In another trial among HER2 positive breast cancer patients, the no-chemotherapy regimen of pertuzumab plus TDM1 achieved significantly lower rates of pathological complete response when used as neoadjuvant therapy compared with chemotherapy plus trastuzumab plus pertuzumab, which remains the standard for this setting.

ESMO 2017 studies

Durvalumab and osimertinib both showed substantially improved PFS versus placebo and the standard EGFR TKIs respectively in the PACIFIC and FLAURA trials respectively-both presented at ESMO earlier and published in NEJM in November. However, OS data are unavailable for PACIFIC and immature for FLAURA. I have already discussed the issues with the interpretation of these trials in two earlier videos.

The RANGE trial comparing ramucirumab plus docetaxel versus placebo plus docetaxel for metastatic urothelial cancer after progression on platinum-based therapy was also presented at ESMO 2017 and is now published in the Lancet. The summary is that adding ramucirumab increases PFS (not OS) by a median of 1.3 months, increases toxicities and costs a lot. With the newer options of immunotherapies available, I doubt ramucirumab is of any value in this setting. I have discussed this in an earlier video.

One forest plot is worth a hundred essays

You must have already read hundreds of essays on the pitfalls of subgroup comparisons. Still, conclusions based on subgroup analyses remain rampant in the medical literature. But this one forest plot makes the pitfalls with subgroup analyses poignantly clear: patients treated with abiraterone in the STAMPEDE trial didn't receive benefit if they were diagnosed on a Monday versus the other days. Now imagine, how many conclusions have we based on such subgroup comparisons?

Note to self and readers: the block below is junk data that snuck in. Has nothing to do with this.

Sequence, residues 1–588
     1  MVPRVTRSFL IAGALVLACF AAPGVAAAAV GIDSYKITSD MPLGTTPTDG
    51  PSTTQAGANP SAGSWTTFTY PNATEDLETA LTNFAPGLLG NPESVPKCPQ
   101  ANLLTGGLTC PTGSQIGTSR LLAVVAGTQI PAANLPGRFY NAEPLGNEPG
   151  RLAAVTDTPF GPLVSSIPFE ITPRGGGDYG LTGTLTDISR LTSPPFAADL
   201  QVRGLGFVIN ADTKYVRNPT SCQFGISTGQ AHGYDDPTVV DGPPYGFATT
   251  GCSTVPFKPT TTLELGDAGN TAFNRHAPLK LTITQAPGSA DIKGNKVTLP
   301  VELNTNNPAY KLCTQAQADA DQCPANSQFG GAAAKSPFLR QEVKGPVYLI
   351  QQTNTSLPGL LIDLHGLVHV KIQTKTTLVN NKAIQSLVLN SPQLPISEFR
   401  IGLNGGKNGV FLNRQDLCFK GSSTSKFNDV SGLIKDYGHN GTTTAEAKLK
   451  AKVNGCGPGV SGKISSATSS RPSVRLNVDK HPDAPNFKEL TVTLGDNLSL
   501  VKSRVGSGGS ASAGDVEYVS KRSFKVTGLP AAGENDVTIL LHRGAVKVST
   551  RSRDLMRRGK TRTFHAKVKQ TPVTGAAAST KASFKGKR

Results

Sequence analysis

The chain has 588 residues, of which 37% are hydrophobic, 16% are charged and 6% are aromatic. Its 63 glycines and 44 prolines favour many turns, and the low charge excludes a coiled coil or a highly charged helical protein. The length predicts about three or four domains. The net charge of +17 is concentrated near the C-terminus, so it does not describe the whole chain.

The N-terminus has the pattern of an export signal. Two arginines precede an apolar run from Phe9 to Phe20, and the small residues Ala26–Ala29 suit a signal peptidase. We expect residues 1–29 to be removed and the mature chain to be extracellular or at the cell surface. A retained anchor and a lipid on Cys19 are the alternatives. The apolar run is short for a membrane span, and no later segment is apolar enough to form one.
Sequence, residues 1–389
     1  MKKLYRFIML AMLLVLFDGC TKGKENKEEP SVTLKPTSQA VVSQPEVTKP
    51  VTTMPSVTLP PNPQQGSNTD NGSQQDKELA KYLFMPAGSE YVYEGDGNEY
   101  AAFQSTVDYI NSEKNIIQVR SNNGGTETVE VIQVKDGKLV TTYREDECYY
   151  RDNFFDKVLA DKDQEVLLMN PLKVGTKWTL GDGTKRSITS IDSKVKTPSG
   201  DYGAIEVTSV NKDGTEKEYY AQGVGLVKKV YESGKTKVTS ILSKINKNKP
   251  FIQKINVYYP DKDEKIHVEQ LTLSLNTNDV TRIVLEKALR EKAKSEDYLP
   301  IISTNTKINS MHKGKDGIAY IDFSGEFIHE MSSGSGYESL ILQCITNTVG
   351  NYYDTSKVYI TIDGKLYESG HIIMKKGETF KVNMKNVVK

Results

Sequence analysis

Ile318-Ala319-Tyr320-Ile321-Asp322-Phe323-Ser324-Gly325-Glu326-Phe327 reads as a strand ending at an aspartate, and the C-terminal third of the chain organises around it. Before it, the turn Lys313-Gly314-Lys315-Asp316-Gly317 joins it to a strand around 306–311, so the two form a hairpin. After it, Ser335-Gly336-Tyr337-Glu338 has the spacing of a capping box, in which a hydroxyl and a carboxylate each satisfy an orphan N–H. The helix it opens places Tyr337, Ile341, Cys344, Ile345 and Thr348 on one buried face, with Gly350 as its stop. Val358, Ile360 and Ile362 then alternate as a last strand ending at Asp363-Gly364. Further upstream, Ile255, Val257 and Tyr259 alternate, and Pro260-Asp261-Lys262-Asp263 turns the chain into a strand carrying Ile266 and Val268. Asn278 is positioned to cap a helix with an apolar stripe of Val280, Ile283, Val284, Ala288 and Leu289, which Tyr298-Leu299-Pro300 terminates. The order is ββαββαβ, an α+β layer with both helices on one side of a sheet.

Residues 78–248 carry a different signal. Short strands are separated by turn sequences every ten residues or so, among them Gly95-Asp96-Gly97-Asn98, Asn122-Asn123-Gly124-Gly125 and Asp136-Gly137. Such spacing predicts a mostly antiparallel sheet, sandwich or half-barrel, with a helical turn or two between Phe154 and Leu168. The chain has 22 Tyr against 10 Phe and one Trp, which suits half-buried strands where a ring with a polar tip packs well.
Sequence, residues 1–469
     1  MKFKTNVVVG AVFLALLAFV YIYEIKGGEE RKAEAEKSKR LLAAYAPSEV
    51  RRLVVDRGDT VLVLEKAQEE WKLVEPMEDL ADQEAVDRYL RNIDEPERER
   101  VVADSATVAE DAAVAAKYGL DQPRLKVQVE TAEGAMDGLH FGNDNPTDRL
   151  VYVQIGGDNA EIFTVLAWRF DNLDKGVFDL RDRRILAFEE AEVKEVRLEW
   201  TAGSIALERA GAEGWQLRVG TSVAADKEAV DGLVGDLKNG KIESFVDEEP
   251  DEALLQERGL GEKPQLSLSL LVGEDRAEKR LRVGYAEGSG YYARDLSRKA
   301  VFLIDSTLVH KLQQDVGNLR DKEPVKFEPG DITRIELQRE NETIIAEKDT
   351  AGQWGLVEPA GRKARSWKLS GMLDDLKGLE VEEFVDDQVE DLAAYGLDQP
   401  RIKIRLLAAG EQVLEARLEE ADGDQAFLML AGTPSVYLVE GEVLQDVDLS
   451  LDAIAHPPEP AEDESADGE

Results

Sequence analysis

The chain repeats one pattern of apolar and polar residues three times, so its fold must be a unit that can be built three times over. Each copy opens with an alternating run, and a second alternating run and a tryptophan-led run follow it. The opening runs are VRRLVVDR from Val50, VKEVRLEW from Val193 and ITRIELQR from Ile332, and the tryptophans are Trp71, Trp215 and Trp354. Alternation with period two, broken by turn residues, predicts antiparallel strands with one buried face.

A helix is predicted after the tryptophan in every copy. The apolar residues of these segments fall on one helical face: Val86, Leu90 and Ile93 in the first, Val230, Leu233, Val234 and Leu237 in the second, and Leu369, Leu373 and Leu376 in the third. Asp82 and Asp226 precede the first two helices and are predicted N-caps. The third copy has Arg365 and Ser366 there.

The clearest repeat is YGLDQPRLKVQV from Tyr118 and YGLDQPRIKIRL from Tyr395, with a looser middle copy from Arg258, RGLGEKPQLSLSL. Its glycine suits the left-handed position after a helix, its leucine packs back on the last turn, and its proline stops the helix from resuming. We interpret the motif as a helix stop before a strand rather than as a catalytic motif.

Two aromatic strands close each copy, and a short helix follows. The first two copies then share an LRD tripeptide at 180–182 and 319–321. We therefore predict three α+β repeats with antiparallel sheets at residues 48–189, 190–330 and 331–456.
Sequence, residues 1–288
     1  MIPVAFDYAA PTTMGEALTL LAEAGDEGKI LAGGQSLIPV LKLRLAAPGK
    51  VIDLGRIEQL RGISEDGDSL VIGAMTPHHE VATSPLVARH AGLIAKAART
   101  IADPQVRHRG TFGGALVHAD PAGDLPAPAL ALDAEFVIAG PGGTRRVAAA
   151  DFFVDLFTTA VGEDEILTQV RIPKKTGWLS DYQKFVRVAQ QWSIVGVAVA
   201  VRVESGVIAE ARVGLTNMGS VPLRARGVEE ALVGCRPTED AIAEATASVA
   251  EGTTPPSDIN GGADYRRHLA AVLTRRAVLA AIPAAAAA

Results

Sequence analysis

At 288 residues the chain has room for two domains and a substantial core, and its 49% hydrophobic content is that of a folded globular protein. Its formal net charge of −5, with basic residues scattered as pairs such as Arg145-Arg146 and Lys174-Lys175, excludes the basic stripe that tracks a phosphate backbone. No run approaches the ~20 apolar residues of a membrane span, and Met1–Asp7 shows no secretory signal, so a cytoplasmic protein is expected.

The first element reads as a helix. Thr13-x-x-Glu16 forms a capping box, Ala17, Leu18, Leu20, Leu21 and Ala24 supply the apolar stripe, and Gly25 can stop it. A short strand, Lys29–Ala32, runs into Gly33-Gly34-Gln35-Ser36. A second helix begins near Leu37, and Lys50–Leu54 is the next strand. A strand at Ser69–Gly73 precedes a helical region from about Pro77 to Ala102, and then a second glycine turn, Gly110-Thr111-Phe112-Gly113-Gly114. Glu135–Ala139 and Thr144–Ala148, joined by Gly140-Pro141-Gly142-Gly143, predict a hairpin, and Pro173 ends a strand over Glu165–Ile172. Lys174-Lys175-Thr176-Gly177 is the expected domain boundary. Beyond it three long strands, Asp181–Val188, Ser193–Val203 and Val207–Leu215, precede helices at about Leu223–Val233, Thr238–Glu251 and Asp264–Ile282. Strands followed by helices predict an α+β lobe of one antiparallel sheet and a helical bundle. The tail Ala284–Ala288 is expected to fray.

Let me take a selfie

Should we need an RCT for every intervention in the era of precision oncology? This is a question that frequently comes up in recent discussions. Undermining RCT evidence in lieu of speed for drug approvals is risky, while Real World evidence indeed remains important to expand on current knowledge and drive the design of subsequent clinical trials on the basis of findings from observational studies.  We try to address these issues in our latest commentary titled "Real-World Evidence and Randomized Studies in the Precision Oncology Era: The Right Balance".

Bishal Gyawali, MD, PhD completed his training in medical oncology at the Graduate School of Medicine, Nagoya University, Japan, and obtained a PhD as a Japanese government scholar. He works as a medical consultant at the Anticancer Fund, a not-for-profit organization based in Belgium as well as holding an affiliation at the Institute of Cancer Policy, UK. His areas of clinical and research interests include evidence-based oncology practice, global oncology, cancer policy, cancer management in resource-limited settings, financial toxicities of cancer treatment, clinical trial methods and supportive treatment of cancer. He has no conflicts of interest to declare. Dr Gyawali tweets at @oncology_bg. Read his previous blog posts here.